Seinfeld: We all know Larry David, but half the great scripts of Seasons 2, 3 and 4 were by Larry Charles; who remembers him? How about Peter Mehlman? Larry Levin, who wrote the breakthrough episode "The Boyfriend"? Elaine Pope, Tom Leopold, Bruce Kirschbaum, Andy Robin, Carol Leifer, Tom Gammill and Max Pross (They went on to write for The Simpsons), Alec Berg and Jeff Schaffer.

Battlestar Galactica: Toni Graphia, Carla Robinson, Jeff Vlaming (who wrote 2 episodes on The X-Files over 10 years ago), Michael Taylor (worked on Star Trek Deep Space Nine), Michael Angeli, Mark Verheiden, Anne Coffell-Saunders, Joel Anderson Thompson (who only wrote the episode "Epiphanies" and not much else in his Hollywood career).

The X-Files: Sara Charno (who only did 2 X-Files episodes and 3 Next Generation eps), Vince Gilligan (who wrote amazing episodes like "Paper Hearts", "Unruhe", "Pusher", "Small Potatoes", "Bad Blood"), Darin Morgan (who also wrote and directed 2 great eps on Millennium), Howard Gordon (who went on to work on "24"), David Greenwalt (who went on to Buffy and Angel). Despite the last few years of The X-Files not being spectacular, some of the most innovative scripts came from David Amann, Steven Maeda (moved onto "24" and "Lost"), Jeff Bell (who's work on X-Files was okay, but was excellent on Angel, including an amazing finale)

Lost, The Shield, Buffy, and Angel: Tim Minear (essential for writing great stuff on Angel, but never made it as a major producer with his own show), Mere Smith (amazing stuff on Angel)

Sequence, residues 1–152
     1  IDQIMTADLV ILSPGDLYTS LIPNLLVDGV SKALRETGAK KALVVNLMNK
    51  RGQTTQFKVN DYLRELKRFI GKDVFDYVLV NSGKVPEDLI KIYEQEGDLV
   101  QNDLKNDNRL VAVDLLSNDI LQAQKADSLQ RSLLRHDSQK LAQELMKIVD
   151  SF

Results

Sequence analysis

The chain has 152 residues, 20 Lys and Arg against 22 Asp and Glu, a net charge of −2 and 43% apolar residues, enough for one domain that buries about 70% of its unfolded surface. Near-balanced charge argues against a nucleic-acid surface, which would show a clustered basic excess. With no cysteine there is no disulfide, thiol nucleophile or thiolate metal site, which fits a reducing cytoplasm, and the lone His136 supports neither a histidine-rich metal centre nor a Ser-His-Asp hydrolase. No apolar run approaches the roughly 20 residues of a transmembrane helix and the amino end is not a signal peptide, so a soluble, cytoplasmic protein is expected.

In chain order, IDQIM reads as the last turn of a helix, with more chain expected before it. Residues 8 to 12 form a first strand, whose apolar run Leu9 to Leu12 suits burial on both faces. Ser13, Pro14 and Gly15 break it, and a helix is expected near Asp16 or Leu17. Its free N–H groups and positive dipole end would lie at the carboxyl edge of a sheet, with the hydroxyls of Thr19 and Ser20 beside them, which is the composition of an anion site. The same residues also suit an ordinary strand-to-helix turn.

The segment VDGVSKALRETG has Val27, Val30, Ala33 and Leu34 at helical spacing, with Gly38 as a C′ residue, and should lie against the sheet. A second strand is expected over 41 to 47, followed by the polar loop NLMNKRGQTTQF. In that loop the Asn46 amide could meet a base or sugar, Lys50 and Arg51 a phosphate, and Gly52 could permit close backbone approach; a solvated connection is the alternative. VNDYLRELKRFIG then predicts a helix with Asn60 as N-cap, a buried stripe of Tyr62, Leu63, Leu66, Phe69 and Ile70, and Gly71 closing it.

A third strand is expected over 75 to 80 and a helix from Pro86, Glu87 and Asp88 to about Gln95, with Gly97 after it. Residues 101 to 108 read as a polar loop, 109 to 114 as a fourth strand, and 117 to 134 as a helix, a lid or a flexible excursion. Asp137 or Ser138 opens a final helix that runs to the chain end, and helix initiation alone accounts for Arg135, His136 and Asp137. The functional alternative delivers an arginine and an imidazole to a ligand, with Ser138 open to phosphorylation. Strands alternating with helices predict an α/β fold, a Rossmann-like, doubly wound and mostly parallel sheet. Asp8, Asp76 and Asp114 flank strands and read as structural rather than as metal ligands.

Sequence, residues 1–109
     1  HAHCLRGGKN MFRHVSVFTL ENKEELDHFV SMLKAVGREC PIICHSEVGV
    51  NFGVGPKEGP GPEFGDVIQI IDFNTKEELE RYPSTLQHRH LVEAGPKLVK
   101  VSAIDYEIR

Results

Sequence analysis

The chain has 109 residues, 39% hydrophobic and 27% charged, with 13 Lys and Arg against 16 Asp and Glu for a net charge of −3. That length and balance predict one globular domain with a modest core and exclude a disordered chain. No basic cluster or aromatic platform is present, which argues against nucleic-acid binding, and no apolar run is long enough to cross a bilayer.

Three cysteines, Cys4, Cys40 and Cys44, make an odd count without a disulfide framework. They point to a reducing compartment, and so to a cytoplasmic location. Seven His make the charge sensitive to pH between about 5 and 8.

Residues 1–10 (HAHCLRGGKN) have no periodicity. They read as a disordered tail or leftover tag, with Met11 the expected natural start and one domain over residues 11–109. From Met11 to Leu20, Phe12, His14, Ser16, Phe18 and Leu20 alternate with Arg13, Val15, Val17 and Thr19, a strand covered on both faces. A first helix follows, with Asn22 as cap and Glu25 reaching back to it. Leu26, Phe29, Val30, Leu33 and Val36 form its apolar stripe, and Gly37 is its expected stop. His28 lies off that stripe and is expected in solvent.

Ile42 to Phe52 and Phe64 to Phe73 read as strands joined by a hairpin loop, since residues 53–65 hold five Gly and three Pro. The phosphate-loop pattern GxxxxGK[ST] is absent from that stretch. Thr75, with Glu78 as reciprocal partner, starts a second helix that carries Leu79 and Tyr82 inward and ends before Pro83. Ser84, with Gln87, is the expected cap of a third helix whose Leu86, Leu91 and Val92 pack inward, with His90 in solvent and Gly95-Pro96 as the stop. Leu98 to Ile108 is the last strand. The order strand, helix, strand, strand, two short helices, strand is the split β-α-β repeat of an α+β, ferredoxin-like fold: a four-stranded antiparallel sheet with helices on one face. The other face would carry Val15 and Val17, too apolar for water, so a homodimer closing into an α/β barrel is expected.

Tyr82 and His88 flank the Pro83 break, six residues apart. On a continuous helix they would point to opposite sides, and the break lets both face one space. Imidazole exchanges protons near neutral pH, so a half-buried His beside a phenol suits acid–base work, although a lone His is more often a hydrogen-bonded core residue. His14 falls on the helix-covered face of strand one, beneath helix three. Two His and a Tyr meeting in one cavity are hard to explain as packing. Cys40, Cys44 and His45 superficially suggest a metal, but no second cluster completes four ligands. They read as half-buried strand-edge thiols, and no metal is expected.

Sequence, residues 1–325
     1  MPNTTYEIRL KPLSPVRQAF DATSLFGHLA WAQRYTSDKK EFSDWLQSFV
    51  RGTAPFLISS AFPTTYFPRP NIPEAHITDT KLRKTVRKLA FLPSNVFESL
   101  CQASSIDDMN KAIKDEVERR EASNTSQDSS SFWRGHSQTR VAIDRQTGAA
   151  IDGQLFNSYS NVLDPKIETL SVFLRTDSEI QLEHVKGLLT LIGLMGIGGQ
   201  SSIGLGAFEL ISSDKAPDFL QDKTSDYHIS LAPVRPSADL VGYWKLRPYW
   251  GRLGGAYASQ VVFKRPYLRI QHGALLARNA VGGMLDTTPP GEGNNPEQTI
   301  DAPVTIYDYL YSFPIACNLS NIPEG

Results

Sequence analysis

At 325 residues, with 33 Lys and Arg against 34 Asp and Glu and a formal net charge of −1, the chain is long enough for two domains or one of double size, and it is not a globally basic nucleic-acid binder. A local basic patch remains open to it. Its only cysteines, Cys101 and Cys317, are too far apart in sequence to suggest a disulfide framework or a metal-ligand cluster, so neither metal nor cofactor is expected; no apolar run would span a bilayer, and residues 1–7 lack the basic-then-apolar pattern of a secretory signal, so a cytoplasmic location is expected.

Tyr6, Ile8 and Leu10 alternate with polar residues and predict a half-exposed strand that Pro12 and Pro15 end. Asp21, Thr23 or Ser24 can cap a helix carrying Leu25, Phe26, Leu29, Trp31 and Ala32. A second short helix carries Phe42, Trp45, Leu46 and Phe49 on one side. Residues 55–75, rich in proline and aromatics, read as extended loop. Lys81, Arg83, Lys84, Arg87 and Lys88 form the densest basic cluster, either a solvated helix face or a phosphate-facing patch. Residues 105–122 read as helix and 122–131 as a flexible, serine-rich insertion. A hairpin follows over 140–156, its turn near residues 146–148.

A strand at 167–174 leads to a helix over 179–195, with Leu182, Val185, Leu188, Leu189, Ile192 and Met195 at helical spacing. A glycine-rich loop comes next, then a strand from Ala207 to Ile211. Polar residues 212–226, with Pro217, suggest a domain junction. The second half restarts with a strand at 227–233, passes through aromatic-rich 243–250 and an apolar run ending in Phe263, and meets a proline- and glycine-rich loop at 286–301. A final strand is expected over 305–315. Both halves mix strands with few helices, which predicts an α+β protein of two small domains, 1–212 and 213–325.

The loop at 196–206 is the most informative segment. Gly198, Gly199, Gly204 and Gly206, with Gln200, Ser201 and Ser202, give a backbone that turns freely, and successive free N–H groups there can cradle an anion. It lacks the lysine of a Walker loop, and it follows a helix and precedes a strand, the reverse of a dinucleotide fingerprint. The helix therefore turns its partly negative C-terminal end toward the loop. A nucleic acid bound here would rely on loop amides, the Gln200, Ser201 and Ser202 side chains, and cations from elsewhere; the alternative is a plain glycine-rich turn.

David Fury (wrote some wonderful stuff on Buffy, then Angel, then Lost Season 1), Sarah Fain and Elizabeth Craft (this duo did great work in Angel's last 2 years before moving onto The Shield), Steven S. Denight (who did phenomenal work on Buffy's 6th season and Angel's 4th and 5th seasons), Jane Espenson (who pitched a fantastic story for Deep Space Nine, went on to do hilarious work on Buffy, and is now working on Battlestar Galactica), Marti Noxon, Douglas Petrie (who went on to do 2 episodes of The 4400), Drew Goddard (who worked on Buffy, then Angel, and then Lost), Javier Grillo-Marxuach (who did phenomenal work in Lost's early seasons), Adam Horowitz (Lost), Edward Kitsis (Lost), Leonard Dick (Lost), the creator of The Shield, Shawn Ryan, used to write awful episodes for Angel.

Chris Carter's Millennium Season 1: Patrick Harbinson, Ted Mann, Jorge Zamacona, Robert Moresco, Chip Johannessen (who also worked on The X-Files and executively produced Season 3), Ken Horton, Charles Holland (only one episode, "Wide Open", but what an episode!), Michael Perry (who wrote Season 2's only great episode, "The Mikado" and produced in Season 3).